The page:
May 21, 2012 by Ola Bello. The decision to withdraw the EU’s Security Sector Reform (SSR) support from Guinea Bissau in late 2010 was clumsy and counterproductive. Recent events, however, present the EU with a golden opportunity to make amends. It should send back its modestly successful SSR mission to complete its unfinished task.
On first examination, the case for EU SSR re-engagement appears weak: the country’s internal situation has worsened recently and the growing instability contributed to a military coup on 13 April.
Yet, the current context presents opportunities which the EU ought to grab. Some analysts fear EU entanglement given the diverse interests competing there. This worry could be eased since Nigeria is already leading a major ECOWAS military stabilisation mission.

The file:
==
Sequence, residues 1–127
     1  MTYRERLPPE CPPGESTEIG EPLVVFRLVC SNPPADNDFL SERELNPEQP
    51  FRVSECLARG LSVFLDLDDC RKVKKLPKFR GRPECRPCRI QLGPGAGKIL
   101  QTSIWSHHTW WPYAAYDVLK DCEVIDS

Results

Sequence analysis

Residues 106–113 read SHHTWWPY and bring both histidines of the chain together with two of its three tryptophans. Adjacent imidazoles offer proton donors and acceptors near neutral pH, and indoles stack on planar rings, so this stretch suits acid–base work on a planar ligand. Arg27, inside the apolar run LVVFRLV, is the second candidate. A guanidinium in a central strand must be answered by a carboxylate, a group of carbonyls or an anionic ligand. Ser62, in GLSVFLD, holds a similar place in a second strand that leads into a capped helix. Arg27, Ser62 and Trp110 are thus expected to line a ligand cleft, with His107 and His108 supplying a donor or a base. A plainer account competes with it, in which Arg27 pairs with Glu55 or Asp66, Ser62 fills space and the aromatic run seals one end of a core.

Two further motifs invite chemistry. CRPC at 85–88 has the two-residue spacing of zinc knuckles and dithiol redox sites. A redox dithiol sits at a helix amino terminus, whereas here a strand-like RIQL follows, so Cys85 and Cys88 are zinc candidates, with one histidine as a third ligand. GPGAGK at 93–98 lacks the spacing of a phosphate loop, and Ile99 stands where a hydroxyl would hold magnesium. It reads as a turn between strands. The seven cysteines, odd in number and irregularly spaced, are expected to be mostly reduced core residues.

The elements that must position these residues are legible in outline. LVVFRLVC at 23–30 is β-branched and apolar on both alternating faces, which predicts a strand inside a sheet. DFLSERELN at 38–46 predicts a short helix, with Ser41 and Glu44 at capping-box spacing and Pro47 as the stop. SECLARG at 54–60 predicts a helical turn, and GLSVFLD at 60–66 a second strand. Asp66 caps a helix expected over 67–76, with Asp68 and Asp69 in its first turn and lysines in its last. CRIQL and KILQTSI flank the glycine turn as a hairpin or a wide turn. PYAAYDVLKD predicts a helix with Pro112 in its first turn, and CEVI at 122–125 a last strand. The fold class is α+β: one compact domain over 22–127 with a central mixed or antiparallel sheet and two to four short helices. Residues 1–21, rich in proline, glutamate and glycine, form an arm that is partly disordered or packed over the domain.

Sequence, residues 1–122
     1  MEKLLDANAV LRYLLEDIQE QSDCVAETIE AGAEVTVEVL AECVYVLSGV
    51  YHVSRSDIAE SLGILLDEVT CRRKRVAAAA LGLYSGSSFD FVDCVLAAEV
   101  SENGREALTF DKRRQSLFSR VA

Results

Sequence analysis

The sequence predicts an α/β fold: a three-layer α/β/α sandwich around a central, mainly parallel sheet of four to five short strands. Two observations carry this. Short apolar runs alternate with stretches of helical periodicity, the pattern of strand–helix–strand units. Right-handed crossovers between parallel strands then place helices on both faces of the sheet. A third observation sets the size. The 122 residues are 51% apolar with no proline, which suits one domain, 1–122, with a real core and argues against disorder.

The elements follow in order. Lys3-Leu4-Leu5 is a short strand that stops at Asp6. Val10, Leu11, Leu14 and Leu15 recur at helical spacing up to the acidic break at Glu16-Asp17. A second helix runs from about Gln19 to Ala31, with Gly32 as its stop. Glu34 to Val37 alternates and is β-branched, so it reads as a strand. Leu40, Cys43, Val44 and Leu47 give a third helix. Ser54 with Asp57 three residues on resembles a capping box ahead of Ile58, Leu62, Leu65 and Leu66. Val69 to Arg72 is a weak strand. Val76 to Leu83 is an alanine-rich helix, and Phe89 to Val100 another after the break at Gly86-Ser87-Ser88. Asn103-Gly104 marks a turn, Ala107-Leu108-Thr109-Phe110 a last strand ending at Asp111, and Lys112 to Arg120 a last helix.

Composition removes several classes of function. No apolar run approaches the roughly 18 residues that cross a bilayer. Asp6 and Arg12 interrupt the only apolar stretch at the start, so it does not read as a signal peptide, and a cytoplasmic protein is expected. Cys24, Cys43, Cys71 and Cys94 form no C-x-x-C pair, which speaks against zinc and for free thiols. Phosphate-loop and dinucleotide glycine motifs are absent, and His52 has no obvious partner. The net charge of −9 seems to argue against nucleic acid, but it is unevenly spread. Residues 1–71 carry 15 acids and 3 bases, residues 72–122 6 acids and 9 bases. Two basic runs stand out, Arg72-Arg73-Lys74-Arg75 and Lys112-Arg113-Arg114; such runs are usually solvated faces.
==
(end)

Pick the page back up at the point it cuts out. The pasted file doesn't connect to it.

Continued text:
In Guinea Bissau the value added of an EU involvement would come from a civilian SSR advisory mission, similar to that for Niger. A hybrid EU-ECOWAS mission can also help unlock intractable political problems that have dogged past SSR missions in Bissau.
Nigeria has also a good record of working with European actors on regional security. Unlike South Africa, it supported NATO action in Libya and UN intervention in Ivory Coast.
If the EU rhetoric of enabling regional leadership is ever to become credible, here is the moment in West Africa. Through its renewed SSR involvement, the EU will also recoup its badly eroded influence on Guinean reform.